Skip Headers
Oracle® Database PL/SQL User's Guide and Reference
10g Release 2 (10.2)

Go to Documentation Home
Go to Book List
Book List
Go to Table of Contents
Go to Index
Go to Master Index
Master Index
Go to Feedback page
Contact Us

Go to previous page
Go to next page
PDF · Mobi · ePub

INSERT Statement

The INSERT statement adds one or more new rows of data to a database table. For a full description of the INSERT statement, see Oracle Database SQL Reference.


insert statement ::=

Description of insert_statement.gif follows
Description of the illustration insert_statement.gif

Keyword and Parameter Description


Another (usually short) name for the referenced table or view.

column_name[, column_name]...

A list of columns in a database table or view. The columns can be listed in any order, as long as the expressions in the VALUES clause are listed in the same order. Each column name can only be listed once. If the list does not include all the columns in a table, each missing columns is set to NULL or to a default value specified in the CREATE TABLE statement.


Returns values from inserted rows, eliminating the need to SELECT the rows afterward. You can retrieve the column values into variables or into collections. You cannot use the RETURNING clause for remote or parallel inserts. If the statement does not affect any rows, the values of the variables specified in the RETURNING clause are undefined. For the syntax of returning_clause, see "RETURNING INTO Clause".


Any expression valid in SQL. For example, it could be a literal, a PL/SQL variable, or a SQL query that returns a single value. For more information, see Oracle Database SQL Reference. PL/SQL also lets you use a record variable here.


A SELECT statement that provides a set of rows for processing. Its syntax is like that of select_into_statement without the INTO clause. See "SELECT INTO Statement".


A SELECT statement that returns a set of rows. Each row returned by the select statement is inserted into the table. The subquery must return a value for every column in the column list, or for every column in the table if there is no column list.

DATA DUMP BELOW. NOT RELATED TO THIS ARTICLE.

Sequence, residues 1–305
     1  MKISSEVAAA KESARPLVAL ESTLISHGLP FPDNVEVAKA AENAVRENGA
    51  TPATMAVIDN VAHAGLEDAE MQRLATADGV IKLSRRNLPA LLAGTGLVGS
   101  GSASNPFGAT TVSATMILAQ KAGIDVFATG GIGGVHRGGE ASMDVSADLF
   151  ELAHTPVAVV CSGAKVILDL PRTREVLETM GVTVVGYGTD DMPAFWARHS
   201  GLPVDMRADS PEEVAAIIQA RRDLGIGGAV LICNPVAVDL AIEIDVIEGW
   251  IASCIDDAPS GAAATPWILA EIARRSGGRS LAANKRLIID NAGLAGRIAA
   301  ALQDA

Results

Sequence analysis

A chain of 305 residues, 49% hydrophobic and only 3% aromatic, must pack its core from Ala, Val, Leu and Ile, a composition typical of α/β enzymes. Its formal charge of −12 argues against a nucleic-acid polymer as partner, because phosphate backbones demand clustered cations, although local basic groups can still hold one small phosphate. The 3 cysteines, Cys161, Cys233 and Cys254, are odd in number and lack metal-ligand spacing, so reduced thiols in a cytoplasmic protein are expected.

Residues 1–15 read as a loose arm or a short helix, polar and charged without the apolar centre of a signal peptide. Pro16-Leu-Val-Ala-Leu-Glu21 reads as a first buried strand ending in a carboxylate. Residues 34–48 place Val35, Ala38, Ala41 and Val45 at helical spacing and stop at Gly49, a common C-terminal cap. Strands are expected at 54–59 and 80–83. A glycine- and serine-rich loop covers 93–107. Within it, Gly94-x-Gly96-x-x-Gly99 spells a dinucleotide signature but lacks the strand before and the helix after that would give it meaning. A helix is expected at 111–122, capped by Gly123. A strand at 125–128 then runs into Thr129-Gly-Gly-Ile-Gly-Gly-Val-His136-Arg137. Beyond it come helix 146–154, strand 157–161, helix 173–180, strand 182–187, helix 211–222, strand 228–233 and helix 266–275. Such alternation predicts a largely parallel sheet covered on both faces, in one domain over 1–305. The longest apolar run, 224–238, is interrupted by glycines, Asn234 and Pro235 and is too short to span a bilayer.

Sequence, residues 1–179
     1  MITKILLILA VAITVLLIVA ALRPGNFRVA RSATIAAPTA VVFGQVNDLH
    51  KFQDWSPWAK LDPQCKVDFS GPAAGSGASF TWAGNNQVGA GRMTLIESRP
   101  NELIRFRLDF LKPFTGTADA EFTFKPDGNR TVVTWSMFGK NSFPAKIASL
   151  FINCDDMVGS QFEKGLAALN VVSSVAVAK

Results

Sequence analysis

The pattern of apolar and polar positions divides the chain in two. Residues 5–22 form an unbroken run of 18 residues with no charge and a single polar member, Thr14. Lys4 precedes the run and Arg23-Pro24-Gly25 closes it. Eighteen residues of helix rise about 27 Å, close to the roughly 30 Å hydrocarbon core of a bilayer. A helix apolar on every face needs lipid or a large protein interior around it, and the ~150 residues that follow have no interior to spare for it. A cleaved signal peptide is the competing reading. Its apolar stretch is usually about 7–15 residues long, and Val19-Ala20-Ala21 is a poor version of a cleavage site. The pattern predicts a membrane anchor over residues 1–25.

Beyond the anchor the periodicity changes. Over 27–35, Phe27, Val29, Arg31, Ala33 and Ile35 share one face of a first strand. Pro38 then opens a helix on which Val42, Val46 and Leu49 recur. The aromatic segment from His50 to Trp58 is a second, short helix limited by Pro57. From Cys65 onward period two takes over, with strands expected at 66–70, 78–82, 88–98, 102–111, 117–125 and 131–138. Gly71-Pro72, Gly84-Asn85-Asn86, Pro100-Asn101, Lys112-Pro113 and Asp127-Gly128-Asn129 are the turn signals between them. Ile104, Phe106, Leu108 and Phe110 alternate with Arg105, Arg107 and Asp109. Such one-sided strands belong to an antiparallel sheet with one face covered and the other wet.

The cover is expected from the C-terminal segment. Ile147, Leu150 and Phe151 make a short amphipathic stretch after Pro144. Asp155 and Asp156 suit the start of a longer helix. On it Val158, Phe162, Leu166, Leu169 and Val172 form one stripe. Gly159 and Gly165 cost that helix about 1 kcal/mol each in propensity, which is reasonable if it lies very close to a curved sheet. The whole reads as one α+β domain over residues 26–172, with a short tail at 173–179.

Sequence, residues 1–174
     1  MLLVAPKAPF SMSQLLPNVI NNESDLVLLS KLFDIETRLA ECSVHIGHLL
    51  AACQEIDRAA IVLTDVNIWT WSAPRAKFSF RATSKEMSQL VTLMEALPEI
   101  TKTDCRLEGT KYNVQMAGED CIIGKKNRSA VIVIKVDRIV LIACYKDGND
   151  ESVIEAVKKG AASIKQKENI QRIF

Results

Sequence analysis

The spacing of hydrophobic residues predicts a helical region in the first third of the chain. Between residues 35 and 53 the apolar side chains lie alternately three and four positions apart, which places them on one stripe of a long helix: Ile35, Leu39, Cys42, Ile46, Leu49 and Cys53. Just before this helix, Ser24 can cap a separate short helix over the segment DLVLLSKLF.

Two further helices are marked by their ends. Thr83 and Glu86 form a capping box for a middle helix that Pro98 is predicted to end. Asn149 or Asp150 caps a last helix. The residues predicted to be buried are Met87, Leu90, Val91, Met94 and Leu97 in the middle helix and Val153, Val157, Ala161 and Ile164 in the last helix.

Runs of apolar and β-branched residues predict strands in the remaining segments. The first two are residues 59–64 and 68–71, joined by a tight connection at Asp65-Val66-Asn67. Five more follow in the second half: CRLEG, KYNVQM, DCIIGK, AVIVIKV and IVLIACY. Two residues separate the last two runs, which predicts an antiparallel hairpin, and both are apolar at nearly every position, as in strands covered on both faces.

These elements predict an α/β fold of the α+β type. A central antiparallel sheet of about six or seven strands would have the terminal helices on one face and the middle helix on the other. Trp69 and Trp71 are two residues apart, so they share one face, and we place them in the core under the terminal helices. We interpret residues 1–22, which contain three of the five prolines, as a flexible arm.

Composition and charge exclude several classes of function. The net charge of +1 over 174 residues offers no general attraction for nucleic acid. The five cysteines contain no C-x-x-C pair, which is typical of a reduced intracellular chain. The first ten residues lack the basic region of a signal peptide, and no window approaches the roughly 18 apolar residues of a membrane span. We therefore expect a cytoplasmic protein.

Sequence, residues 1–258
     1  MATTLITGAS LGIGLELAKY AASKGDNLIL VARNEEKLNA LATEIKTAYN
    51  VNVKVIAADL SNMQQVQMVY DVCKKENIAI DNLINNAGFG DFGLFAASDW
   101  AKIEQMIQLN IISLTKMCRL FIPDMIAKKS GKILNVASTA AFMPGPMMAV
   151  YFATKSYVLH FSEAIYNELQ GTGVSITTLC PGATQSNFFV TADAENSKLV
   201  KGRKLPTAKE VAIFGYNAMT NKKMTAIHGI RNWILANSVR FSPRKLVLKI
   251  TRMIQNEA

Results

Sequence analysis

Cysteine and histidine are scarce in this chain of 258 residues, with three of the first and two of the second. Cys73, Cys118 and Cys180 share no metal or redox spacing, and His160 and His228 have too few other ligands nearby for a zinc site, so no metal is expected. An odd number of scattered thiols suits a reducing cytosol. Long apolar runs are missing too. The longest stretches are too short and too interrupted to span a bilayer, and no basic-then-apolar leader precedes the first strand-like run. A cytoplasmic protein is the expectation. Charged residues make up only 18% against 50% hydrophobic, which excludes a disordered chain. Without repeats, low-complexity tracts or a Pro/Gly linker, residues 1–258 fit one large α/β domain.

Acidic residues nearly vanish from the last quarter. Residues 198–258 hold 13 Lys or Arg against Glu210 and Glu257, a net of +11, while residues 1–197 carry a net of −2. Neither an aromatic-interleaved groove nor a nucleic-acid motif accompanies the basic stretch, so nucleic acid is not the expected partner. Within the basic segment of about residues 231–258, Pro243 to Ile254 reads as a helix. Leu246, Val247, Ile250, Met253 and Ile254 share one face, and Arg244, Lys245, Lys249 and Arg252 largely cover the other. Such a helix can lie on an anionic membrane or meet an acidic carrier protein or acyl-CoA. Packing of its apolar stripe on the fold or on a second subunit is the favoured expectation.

A table or view that must be accessible when you execute the INSERT statement, and for which you must have INSERT privileges. For the syntax of table_reference, see "DELETE Statement".

TABLE (subquery2)

The operand of TABLE is a SELECT statement that returns a single column value representing a nested table. This operator specifies that the value is a collection, not a scalar value.

VALUES (...)

Assigns the values of expressions to corresponding columns in the column list. If there is no column list, the first value is inserted into the first column defined by the CREATE TABLE statement, the second value is inserted into the second column, and so on. There must be one value for each column in the column list. The datatypes of the values being inserted must be compatible with the datatypes of corresponding columns in the column list.

Usage Notes

Character and date literals in the VALUES list must be enclosed by single quotes ('). Numeric literals are not enclosed by quotes.

The implicit cursor SQL and the cursor attributes %NOTFOUND, %FOUND, %ROWCOUNT, and %ISOPEN let you access useful information about the execution of an INSERT statement.


For examples, see the following:

Example 6-1, "Data Manipulation With PL/SQL"
Example 6-5, "Using CURRVAL and NEXTVAL"
Example 6-7, "Using SQL%FOUND"
Example 6-37, "Using ROLLBACK"
Example 6-38, "Using SAVEPOINT With ROLLBACK"
Example 6-46, "Declaring an Autonomous Trigger"
Example 6-48, "Calling an Autonomous Function"
Example 7-1, "Examples of Dynamic SQL"
Example 9-3, "Creating the emp_admin Package"

Related Topics

"DELETE Statement"
"SELECT INTO Statement"
"UPDATE Statement"